In early August we received an intriguing report from climbing guide SP Parker of 11 female sheep and young at the base of Charlotte Dome. Charlotte Dome is a rock pinnacle above Bubbs Creek on the west side of the Sierra Nevada about 6 miles as the crow flies west of Kearsarge Pass, and about 5 miles from the Sierra Crest region where female sheep have been known to reside in summer. This sighting was particularly surprising given the amount of forest around Charlotte Dome, a habitat that sheep mostly avoid. After a few summer trips into this area by various biologists associated with the Department of Fish and Game recovery program for Sierra Nevada bighorn, our impression is that a herd of females has taken up residence in the area of Mount Gardiner, and that occasionally they move further west along ridge systems to the Charlotte Dome area. This is corroborated by an observation of another mountain guide, Todd Vogel, who climbed Mount Gardiner this past spring and found fresh evidence of sheep there. Continued

12/02 El Nino Strengthening:

(From Bill Mork, California State Meteorologist): The current warm episode is now considered among the 5 strongest in the past 50 years and would be best described as moderate to strong (Bill Mork and Jan Null). Note the Climate Prediction Centers reference to the further evolution toward basin-wide mature El Nino conditions during October.The previous CPC discussion in October described this as a moderate El Nino episode. Does that mean the evolution goes from moderate to mature? I like our interpretation of moderate to strong; this seems to make more sense. Analogs (Jan Null/Golden Gate Weather Services) for moderate to strong El Nino years with percent of normal 8-stations precip (Northern Sierra) include 1957-58 (141 percent), 1987-88 (70 percent), and 1994-95 (171 percent). Average is 127 percent for the 3 years.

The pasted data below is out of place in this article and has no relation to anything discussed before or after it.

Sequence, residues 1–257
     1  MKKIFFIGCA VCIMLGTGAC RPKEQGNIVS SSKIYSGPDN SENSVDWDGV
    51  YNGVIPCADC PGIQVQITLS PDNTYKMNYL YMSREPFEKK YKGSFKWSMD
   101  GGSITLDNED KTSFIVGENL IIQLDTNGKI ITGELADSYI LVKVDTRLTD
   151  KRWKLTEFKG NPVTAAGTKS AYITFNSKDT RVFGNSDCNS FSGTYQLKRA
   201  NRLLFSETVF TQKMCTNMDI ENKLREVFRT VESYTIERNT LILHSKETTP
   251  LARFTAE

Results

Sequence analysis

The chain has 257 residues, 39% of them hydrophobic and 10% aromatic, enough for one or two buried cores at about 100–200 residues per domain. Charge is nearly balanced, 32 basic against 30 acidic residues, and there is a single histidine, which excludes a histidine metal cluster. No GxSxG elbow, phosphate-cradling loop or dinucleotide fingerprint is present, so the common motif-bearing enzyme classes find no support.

Discussion:
http://www.cpc.ncep.noaa.gov/products/analysis_monitoring/enso_advisory/

http://www.emc.ncep.noaa.gov/research/cmb/sst_analysis/images/oisst_trop.gif

http://www.cpc.ncep.noaa.gov/products/analysis_monitoring/enso_update/ssta_c.gif

10/31/2002 Herbicide makes wild frogs hermaphrodite
A widely used herbicide is making male frogs grow female gonads in the US midwest, according to a recent field study. The finding could fuel the controversy over whether or not the chemical is one of the many possible reasons amphibian populations are shrinking worldwide.
See article in Nature.com

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Masthead Photo from:
Kaweahs From Trailcrest, Kings Canyon National Park
© 2009, Howard Weamer